Point of View Columns

In the Matter of Judge Ketanji Brown Jackson

It has never been seriously suggested that being Black in America was, is or will be easy. It has never been seriously suggested that being a Black woman in America was, is or will be easy. And therefore it cannot be a surprise that the Supreme Court nomination of Judge Ketanji Brown Jackson, one of the most highly qualified nominees in recent history, will be facing serious opposition in the U.S. Senate.

Most of the opposition will, of course, come from the Republicans. But it should be clear that this opposition reflects a certain train of thought, a viral strain really, that exists in America.

This viral strain presupposes the inferiority of Black Americans. When a Black man or woman achieves at a high level that person is seen as being exceptional, out of the ordinary and certainly not representative of the overall talent pool in the Black community. Because, after all, it is not useful, so the thinking goes, to expect exceptional achievement from any Black man, woman or child.

Further, even when a Black woman or Black man does achieve, very often there is an unspoken question mark. Is this person the beneficiary of affirmative action or a lower bar for achievement forgetting the fact that the legacy admissions to elite colleges has been the inheritance of white girls and boys for centuries.

It seems that there is always a reason why the qualifications of a Black woman or a Black man must be questioned – or praised as being exceptional from the perspective of race rather than being exceptional from the perspective of humanity.

As we come to the matter of Judge Ketanji Brown Jackson, we see that the American racist myopia is still very much with us. The fact that she graduated from Harvard University and Harvard Law School should make her credentials bullet proof. Instead they represent a bullseye for those who would question her credentials by use of the false lens of affirmative action. The fact that she graduated with honors seems to make no difference to the likes of Ted Cruz and John Kennedy and never will.

That fact never will make a difference because the basic proposition of white supremacy and black inferiority is omnipresent as a virus in the American intellectual bloodstream – and there seems to be no way to immunize the vast portion of this of the American bloodstream. And the virus makes itself known in obvious ways as seen in cases like those involving George Floyd and Breonna Taylor and Ahmaud Arbery.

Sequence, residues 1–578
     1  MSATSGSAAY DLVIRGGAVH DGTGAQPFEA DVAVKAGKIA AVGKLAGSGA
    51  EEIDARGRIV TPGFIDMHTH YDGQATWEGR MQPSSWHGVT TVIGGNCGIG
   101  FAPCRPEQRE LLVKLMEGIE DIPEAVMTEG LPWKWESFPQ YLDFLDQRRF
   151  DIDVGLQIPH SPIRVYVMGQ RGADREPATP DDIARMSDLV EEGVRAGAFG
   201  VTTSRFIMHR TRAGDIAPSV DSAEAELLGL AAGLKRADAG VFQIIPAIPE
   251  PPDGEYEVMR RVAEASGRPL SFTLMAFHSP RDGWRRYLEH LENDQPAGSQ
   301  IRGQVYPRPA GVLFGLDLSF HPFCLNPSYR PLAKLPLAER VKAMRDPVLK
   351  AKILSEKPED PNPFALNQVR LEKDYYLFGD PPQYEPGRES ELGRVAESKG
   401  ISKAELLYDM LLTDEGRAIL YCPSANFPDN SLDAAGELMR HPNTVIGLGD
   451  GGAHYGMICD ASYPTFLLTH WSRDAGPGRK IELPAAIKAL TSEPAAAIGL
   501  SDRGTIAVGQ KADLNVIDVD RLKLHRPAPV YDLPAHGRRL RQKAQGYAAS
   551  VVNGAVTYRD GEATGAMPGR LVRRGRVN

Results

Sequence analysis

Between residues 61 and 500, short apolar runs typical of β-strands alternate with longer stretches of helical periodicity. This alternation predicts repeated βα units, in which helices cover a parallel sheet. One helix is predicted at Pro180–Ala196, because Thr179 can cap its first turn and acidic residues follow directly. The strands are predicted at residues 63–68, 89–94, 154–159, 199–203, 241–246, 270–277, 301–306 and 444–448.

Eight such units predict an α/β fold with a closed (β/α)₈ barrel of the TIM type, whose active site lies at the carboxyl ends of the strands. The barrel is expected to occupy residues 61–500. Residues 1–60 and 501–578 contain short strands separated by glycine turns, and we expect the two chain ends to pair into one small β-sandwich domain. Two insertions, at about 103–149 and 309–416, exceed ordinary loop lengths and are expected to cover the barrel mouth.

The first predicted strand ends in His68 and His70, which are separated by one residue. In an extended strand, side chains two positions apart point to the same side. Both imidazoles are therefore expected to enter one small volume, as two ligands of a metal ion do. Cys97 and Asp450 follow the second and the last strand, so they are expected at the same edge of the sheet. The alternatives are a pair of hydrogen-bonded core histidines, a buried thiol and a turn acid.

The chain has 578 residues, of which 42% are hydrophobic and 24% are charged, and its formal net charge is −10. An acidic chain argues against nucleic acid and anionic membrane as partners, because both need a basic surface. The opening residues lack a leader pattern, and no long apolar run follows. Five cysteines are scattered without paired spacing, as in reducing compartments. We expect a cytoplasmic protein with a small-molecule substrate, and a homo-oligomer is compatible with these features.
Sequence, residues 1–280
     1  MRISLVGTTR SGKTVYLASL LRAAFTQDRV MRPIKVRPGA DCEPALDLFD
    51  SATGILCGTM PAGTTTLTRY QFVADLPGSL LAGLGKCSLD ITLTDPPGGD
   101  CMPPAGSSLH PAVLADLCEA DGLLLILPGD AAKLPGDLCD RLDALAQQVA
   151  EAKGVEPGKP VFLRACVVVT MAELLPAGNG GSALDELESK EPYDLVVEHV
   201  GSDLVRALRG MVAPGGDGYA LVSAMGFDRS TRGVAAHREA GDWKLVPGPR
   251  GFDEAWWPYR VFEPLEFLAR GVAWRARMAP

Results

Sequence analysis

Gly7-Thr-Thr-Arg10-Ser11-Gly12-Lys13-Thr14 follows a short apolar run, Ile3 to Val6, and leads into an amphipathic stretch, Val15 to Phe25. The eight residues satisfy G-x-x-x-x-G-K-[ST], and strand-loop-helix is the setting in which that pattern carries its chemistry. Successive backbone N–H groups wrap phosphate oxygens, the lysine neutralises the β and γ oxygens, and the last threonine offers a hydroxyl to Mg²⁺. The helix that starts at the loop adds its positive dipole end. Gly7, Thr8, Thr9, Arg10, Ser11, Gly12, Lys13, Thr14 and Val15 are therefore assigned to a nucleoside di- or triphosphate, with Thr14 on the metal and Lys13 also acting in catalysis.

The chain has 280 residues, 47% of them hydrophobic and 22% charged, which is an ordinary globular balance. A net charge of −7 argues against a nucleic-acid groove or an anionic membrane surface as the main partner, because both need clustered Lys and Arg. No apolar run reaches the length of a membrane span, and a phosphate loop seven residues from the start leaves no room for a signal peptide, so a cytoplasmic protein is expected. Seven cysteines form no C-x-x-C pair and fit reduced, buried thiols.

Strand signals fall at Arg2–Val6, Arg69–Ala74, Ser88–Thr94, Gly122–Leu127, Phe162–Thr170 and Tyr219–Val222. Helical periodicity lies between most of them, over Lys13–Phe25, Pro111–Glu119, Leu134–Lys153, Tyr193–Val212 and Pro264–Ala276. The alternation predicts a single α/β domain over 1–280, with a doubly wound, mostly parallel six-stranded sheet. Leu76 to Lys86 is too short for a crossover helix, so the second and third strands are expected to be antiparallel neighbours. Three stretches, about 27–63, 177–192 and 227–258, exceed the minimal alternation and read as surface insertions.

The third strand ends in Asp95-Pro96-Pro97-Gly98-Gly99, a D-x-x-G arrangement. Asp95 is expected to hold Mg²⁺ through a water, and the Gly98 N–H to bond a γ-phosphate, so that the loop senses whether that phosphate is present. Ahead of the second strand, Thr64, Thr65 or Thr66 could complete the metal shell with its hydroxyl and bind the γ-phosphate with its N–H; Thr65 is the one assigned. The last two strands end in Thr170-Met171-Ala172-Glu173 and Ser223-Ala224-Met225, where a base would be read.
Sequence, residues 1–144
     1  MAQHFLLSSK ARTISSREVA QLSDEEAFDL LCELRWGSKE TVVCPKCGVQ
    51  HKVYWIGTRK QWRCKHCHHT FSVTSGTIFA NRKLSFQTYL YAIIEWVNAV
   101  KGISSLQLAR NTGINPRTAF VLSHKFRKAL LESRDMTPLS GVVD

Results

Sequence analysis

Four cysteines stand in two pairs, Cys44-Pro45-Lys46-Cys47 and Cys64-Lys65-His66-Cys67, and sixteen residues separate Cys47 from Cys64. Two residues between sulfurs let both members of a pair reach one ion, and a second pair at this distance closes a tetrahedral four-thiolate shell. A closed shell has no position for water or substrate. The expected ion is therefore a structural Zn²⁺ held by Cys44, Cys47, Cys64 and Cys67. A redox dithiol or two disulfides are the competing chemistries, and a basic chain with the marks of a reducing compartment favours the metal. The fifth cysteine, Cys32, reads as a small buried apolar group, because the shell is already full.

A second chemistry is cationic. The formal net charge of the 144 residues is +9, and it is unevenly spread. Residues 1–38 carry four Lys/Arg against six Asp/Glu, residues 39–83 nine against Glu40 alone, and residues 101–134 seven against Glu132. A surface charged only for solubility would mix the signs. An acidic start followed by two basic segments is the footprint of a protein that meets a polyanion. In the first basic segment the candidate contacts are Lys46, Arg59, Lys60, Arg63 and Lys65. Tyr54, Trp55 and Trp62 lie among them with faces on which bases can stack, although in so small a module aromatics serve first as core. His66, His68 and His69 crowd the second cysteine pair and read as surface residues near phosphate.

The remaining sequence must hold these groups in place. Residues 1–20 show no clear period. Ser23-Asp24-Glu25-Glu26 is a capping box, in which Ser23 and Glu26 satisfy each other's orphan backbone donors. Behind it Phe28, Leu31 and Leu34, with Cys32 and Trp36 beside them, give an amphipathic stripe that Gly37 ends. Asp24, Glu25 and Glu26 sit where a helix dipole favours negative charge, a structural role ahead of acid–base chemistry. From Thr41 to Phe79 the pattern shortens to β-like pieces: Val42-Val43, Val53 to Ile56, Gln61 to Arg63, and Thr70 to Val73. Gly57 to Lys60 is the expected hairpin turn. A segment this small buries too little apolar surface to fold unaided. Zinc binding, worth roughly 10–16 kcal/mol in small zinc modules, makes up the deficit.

Less obvious, but arguably more virulent are the way the virus presents itself in corporate America that cannot find even five (5) Black women or Black men to be CEO’s in the Fortune 500, and in the American electorate that can only find three (3) Black people out of one hundred to serve in the United States Senate as you are reading these words.

Now we will watch the members of the United States Senate try to denigrate the qualifications and abilities and experience and expertise of Ketanji Brown Jackson while claiming that they are being fair. It is a baptism of fire that Judge Jackson has experienced before and the good news is that in this case – it is not a fair fight.

Judge Ketanji Brown Jackson will prevail.

Point of View Columns

Fast Backward

When Barack Obama was inaugurated as the first American president of African descent in the history of the United States, many observers proclaimed the beginning of something called a “post-racial America”. By now, in the midst of seven years of Teapublican dog whistle symphonies that have aroused the most malignant racist demons of this country, very few are making that claim. However, in 2009 few would have thought that an Obama presidency would mark a regression in racial attitudes in White America. But that is exactly what has happened.